Today we’re joined by Taylor Cruse, who also goes by Triscribe. Taylor is a wonderful up and coming writer who also does some visual art as well, including character design. She has recently become really interested in world building and has begun to create her own fantasy world, where her novel is set. She has this admirable love for art and the written word in particular, which makes for an engaging interview. My thanks to her for taking the time to participate in this interview.
Please, tell us about your art.
Hold onto your hats, then, ‘cause this might take a while!
To start, I’m both a visual artist and a writer, as the two are often intertwined with me. A lot of my stories start out as drawings of characters who then receive names, backstories, places to live, adventures to experience, so on and so forth. I consider the world-building to be just as much a craft as the physical art of sketching and coloring my characters or planning out plots – having a wealth of little details to be able to include in even simple dialogue can be so important to making the story come alive for my readers. This holds true even in the realm of fan fiction, where I also spend a fair amount of time.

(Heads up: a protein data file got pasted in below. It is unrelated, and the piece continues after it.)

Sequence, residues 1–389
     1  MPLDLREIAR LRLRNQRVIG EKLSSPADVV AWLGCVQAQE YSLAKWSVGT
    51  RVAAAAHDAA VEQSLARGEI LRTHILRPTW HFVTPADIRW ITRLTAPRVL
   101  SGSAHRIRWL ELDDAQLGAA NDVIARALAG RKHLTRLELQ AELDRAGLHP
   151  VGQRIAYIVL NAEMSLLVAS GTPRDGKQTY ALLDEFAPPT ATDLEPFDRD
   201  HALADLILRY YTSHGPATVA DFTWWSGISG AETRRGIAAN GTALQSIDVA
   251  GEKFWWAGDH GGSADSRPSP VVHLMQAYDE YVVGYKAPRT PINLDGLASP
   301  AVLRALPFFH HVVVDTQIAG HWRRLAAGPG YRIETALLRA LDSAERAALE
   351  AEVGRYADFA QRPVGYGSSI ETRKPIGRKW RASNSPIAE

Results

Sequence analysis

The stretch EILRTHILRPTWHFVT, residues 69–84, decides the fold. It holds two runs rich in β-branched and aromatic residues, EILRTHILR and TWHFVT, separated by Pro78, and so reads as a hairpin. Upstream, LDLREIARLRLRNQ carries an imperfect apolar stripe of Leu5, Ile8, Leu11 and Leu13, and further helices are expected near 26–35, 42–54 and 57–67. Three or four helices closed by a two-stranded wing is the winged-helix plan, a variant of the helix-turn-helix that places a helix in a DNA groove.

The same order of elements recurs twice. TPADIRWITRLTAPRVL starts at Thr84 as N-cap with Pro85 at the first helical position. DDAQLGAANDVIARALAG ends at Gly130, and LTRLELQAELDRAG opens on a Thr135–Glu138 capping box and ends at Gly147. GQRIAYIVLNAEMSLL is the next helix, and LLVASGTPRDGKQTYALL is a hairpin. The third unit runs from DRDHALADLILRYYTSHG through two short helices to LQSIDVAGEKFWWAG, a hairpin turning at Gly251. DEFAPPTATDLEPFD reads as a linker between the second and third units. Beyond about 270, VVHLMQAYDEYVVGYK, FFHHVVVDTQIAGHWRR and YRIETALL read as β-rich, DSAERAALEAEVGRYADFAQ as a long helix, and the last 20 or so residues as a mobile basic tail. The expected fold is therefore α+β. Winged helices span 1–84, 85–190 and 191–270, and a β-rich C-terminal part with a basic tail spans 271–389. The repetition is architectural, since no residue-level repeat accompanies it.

I’m also proud of how my recent experiences in college have opened my eyes to greater realms of diversity for my characters to take part in – not just visually, as I’ve done in the past, but also mentally, emotionally, and of course, romantically. When my Stories from Sarant, starting with the Turning Point trilogy, are published, I want them to be a beacon to marginalized categories of readers – the ones eager to read books with asexual main characters who don’t need romance to fulfill their plot, female leads who are strong in more ways than just being able to punch the bad guys, and characters of color who get to be more than the sidekick or comic relief. (Point in fact, the mainest of the main characters in my above-mentioned trilogy, Crant, is all three of these things, and also goes on to become a hero to everyone in her war-torn and race-divided world. She’s the greatest of all my creations, and I hope when the book eventually comes out that readers adore her just as much as I do.) This is the kind of art I’m eager to share, because it’s the sort of stuff I’d have loved to see more of when I was younger, the kinds of things we need more of nowadays too.
What inspires you?
What doesn’t inspire me? The mountains surrounding my college campus, the utter insanity of family stories I hear from my mom and her mother, even the amount of time my dad poured into his World of Warcraft blog, Need More Rage, when I was younger.
It’s quite common for me to create a new superhero character based off of a friend of mine, or incorporate something funny I heard in ordinary conversation into a story scene. Even my pets will gain representations of them in the things I write, especially my wonderful golden retriever, Athena – she’s an inspiration all by herself, even if my animal-drawing skills aren’t enough to do her likeness justice!